Cite a Short Work from a Website in MLA (8) Style

Hi this is Jessie at the HelenaCollege Library.

I'm going to show you how to cite a web page or a short workfrom a website in the updated MLA style.

When you include outside information ina paper or project, you must cite where the information is found in two places.

The first is the in-text citation, which is a brief note to the reader that youare using outside information.

For a website you generally only need onething: the author's last name.

MLA only requires page numbers for documents thathave stable page numbers, like a book, article, or PDF.

Printouts from a websitevary from one computer to another, so there are no stable page numbers forwebsites.

In short, if you cannot find stable page numbers do not include any.

Here is a direct quote from a website.

The citation appears in parentheses atthe end of the sentence, after the closing quotation marks and before theperiod.

When there are two authors, include the last names for both, with anand between.

Look carefully near the top or bottom of the content for anyindication of who wrote the page.

If you cannot find the name of an individual, also look for the name of an organization taking credit for thecontent.

Each of your sources will also be included in your list of works citedat the end of your paper.

This list provides the full citation for eachsource, with enough information for a reader to find it.

You will usually findthe information you need at the beginning or end of the webpage ordocument, though it may take some careful searching to find.

Let's look at thebasic citation for a short work from a website and, of course, pay carefulattention to all punctuation, spacing, and formatting that you see in the examplecitations and use them in yours.

The authors are listed first.

For thefirst author enter the last name, followed by their first name, and thenmiddle name or initials if you know them.

Enter the second author after the firstin normal order, as in: first middle last.

If you cannot find the name of anindividual, also look for the name of an organization taking credit for the page.

This would be the same as you use in your in-text citation.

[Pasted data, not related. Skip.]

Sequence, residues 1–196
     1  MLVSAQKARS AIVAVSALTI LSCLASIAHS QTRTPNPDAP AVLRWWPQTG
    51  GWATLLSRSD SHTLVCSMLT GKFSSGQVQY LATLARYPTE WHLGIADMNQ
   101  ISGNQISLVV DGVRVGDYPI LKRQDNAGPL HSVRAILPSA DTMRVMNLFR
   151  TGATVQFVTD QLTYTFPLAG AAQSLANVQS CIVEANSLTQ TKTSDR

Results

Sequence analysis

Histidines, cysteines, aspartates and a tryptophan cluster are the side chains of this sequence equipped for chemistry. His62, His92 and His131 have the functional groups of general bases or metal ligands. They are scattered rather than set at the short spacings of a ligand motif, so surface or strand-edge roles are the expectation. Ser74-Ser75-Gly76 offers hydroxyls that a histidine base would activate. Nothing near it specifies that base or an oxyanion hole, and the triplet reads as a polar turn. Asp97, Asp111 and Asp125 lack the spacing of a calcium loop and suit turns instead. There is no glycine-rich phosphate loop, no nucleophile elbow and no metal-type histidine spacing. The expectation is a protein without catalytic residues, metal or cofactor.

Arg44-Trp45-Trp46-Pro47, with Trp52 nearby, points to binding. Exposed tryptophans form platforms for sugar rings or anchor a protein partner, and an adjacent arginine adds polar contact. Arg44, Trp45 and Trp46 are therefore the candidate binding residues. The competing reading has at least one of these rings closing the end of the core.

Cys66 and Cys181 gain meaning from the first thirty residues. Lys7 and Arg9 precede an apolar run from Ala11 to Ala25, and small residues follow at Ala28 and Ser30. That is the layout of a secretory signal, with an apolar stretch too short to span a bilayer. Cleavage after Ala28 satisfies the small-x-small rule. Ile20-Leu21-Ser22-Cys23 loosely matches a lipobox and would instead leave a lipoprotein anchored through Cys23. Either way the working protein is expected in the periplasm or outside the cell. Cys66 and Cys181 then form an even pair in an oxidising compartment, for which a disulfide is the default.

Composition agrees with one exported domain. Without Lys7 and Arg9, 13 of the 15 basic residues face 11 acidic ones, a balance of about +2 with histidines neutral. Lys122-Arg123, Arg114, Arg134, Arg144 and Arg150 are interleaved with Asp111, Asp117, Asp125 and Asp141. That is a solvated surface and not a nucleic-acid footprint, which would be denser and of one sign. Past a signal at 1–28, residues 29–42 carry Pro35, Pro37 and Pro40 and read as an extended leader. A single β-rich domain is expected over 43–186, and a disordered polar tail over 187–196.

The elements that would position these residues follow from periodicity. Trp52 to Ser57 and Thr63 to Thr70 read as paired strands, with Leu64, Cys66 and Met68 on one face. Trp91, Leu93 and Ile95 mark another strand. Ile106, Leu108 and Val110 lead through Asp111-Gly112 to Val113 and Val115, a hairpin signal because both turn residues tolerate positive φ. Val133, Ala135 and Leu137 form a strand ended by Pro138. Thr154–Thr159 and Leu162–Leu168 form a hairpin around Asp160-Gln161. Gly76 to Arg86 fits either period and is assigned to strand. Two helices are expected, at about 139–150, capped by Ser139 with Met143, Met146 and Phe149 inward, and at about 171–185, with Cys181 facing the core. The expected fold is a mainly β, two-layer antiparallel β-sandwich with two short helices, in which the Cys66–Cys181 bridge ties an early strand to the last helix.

Place a period atthe end of the author's names.

The title of the short work – the article or pageyou are reading – is written in quotation marks in title-style capitalization.

Aperiod goes at the end of the title inside the ending quotation mark.

Next is the name of the website on which the short work is found.

Find this at thetop or bottom of the page.

The URL or web address can also give you clues aboutthe name of the website.

This is sometimes the same as the author.

Thename of the website is typed in italics, title-style capitalization, and ends witha comma.

The sponsor of the website is listed next.

This is often the same asthe title of the website or the organizational author.

If it is the same, do not include it in your citation.

But look carefully at the copyrightstatement on the bottom of the website to see if another company ororganization owns the website.

The URL can sometimes provide a clue as well.

The name of the sponsor is followed by a comma.

Next is the date, followed by aperiod.

Look carefully at the top and bottom of the article for the date theinformation was published, edited, or updated.

Type the date month and year.

When no date can be found type “n” period d period in lowercase letters andend it with a comma.

You may be asked to include the URL or web address for thesite.

This is optional but can help the reader to find your source.

Copy it fromthe address bar but do not include the HTTP or HTTPS part.

End it with a period.

Finally you may enter the date you accessed the website.

This is optional and, again, written as date abbreviated month and year, with a period at the end.

Sohere is our complete citation.

Again the author is the same in the in-textcitation and the full citation, as this will help your reader identify yoursources.

Your citations may look a little different depending on the webpage ordocument that you cite.

Refer to A Pocket Style Manual or the Purdue OWL websitefor more guidelines and examples.

And you can always contact the Helena Collegelibrary with questions.